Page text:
In this study, the database was provided by experimental data available in the literature [24]. A pilot plant testing in which the nanofiltration membrane NF product is sent to the RO unit and its brine reject is used as makeup to the MSF plant, the NF unit received pretreated seawater with a temperature feed between 24℃ and 34℃ and was operated with operating pressure about 23.54 bar at a recovery of 5357%. The SWRO unit received the NF product as feed, the operating pressure was maintained at 58.84 bar with temperature ranged from 23 to 34℃, and overall recovery of SWRO system was about 45%. The experimental data is presented in Figure 1.
The selected input parameters included: the feed pressure, temperature, conductivity, flow rate, permeate flow rate, and permeate water recovery. The variation of selected experimental inputs over time is depicted in Figure 2. The values of the standard deviations (STD) are given in Table 1.
Figure 1. Desalination pilot plant of NF/SWRO
(a) (b)
(c) (d)
Figure 2. Performance of NF/SWRO
Table 1. Parameters statistics of inputs and outputs
Variable category 
Parameters 
Symbol 
Unit 
STD 
mean 
min 
max 
inputs 
time 
t 
h 
385.92 
680.317 
25.197 
1343.830 
pressure 
p 
bar 
2.820 
27.069 
23.505 
31.222 

temperature 
T 
℃ 
2.7422 
29.063 
23.968 
33.789 

feed flow rate 
Qf 
m^{3}h^{1} 
0.088 
7.748 
7.586 
8.014 

feed conductivity 
δf 
μScm^{1} 
535.01 
60519.500 
59851.06 
61872.34 

outputs 
permeate water recovery 
y 
% 
1.018 
44.308 
41.093 
45.951 
permeate flow rate 
Qp 
m^{3}h^{1} 
0.042 
1.406 
1.288 
1.483 
Figure 3. Schematic diagram of an artificial neural network model
2.2 Modeling development
To predict the efficiency of the hybrid NF/SWRO desalination system, two approaches were utilized to develop an adequate model to determine the permeate flow rate and water recovery.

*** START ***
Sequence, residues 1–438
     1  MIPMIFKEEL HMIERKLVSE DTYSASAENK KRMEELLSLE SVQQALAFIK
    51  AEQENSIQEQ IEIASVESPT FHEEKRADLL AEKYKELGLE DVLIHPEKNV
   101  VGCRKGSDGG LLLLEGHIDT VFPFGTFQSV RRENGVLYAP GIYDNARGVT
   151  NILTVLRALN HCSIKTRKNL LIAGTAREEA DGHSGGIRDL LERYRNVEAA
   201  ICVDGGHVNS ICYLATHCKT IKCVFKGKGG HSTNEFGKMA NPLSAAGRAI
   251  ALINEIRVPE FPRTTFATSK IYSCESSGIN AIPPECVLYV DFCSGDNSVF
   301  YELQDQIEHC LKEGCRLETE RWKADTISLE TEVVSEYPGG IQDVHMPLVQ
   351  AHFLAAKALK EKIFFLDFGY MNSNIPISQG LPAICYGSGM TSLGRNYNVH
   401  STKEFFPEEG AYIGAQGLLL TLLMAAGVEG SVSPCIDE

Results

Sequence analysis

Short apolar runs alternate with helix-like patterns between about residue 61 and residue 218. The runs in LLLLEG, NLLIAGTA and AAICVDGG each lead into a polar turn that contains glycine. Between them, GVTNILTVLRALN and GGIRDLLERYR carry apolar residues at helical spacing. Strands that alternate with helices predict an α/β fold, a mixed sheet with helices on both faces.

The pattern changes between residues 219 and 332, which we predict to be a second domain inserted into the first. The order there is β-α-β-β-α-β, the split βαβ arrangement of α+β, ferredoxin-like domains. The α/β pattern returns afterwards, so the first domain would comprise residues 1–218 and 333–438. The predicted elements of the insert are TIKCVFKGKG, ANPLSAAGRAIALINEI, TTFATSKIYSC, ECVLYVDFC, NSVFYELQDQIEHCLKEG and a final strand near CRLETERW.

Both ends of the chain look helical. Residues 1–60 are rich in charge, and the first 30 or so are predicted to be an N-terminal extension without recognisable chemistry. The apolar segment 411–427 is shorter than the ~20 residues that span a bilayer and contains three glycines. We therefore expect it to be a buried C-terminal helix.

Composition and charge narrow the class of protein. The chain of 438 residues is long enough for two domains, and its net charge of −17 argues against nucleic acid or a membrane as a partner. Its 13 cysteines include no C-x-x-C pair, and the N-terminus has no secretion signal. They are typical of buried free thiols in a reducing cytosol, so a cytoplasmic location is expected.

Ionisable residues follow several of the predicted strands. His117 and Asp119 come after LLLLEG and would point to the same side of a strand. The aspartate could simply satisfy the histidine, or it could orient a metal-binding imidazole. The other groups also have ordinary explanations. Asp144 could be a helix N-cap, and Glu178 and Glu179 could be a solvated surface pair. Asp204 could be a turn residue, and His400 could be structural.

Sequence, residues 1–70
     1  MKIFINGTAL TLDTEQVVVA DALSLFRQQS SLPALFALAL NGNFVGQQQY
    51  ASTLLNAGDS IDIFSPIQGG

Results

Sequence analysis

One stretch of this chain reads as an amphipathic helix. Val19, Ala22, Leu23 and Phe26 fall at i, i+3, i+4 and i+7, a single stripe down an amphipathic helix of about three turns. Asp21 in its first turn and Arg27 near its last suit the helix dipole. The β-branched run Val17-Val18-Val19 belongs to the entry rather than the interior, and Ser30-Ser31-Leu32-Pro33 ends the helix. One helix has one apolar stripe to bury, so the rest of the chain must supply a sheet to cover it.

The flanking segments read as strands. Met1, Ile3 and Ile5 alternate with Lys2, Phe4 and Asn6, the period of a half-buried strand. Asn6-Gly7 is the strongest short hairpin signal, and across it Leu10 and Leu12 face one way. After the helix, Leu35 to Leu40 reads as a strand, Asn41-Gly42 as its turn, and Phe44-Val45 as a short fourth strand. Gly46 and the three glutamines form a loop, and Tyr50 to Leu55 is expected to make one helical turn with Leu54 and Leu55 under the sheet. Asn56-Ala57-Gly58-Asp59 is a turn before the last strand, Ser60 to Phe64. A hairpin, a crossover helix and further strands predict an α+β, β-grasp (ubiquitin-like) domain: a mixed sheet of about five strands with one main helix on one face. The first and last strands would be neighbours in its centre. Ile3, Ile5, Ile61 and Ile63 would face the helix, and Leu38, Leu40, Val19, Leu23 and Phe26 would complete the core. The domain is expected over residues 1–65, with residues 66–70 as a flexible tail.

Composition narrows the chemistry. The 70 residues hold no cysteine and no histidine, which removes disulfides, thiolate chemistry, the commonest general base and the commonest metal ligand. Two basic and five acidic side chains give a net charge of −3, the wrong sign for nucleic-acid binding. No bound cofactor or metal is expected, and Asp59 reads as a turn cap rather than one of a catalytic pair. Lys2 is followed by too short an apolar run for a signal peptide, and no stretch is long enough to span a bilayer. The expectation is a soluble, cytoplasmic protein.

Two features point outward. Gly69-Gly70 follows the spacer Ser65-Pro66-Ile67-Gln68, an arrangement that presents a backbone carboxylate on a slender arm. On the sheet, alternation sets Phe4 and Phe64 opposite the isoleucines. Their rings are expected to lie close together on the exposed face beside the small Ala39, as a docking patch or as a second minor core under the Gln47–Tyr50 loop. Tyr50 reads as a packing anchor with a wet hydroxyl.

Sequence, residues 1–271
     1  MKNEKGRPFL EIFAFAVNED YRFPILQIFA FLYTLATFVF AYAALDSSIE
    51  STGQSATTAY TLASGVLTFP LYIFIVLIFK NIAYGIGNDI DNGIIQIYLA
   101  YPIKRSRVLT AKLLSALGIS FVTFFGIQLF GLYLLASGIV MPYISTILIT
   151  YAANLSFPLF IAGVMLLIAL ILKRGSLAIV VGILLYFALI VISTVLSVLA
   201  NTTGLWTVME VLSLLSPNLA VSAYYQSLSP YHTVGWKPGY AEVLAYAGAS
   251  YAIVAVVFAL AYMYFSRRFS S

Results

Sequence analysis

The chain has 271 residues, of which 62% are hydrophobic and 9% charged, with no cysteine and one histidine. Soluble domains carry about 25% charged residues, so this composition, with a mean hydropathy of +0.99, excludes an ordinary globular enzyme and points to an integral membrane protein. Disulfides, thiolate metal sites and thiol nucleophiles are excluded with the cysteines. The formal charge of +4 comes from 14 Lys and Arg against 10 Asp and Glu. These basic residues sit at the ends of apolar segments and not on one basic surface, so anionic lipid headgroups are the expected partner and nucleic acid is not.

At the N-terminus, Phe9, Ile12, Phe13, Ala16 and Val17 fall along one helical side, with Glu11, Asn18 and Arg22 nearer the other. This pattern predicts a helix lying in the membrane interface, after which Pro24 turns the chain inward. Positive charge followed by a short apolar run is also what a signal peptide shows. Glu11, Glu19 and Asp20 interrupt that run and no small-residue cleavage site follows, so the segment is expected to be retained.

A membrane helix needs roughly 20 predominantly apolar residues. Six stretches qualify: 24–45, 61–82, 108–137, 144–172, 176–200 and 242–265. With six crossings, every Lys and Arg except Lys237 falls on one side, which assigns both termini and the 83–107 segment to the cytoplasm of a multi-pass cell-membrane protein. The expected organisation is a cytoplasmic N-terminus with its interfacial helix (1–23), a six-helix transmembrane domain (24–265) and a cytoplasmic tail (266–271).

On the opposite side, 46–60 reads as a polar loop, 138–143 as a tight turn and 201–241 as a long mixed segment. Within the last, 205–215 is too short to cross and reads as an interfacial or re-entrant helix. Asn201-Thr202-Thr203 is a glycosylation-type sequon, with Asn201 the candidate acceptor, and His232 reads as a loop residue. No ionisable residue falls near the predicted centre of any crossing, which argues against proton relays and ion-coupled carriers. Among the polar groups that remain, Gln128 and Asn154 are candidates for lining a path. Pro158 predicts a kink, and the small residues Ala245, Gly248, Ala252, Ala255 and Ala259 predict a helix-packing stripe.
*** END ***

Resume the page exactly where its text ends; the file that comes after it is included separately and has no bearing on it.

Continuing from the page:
2.2.1 Modeling with multiple linear regression (MLR)
The linear relationship between the explanatory (independent) variables xi and response (dependent) yi variables [25] as shown in Eq. (1):
${{y}_{i}}={{a}_{0}}+\underset{i=1}{\overset{n}{\mathop \sum }}\,{{a}_{i}}{{x}_{i}}$ (1)
where, yi represents the response or dependent variable (outputs), x_{i} represents the explanatory independent (inputs), and a_{0} represents the constant (intercept). MLR calculations were performed using STATISTICA v. 8.0 (StatSoft, Inc.) software.
2.2.2 Modeling with neural network
To construct the ANN model, the database was presented in 75 samples divided into training and test subsets. A training subset has some 60 pieces, which is 80% of all available data. For the test subset, 15 samples (20%) have been considered. The neural networktraining model was developed by means of a program written in MATLAB software.
The results showed that the optimal fully connected ANN was obtained using 24 neurons in the hidden layer, with high R2 and low RMSE. Different ANN structures with two hidden layers and other neurons in each layer have been tested. It was notable that the ANN with 02 hidden layers can predict the two outputs accurately (Figure 3).
3.1 Validation of the model
In the training and testing stage, the calculation of errors between the experimental values and prediction is a criterion for evaluating the model and optimum network structure determination.
The correlation coefficient R_{2}, the root means square error RMSE (square root of the average sum of squares), and mean absolute error (MAE) are the statistical parameters commonly used in the literature [2629] for error calculation. They are calculated according to the following equations: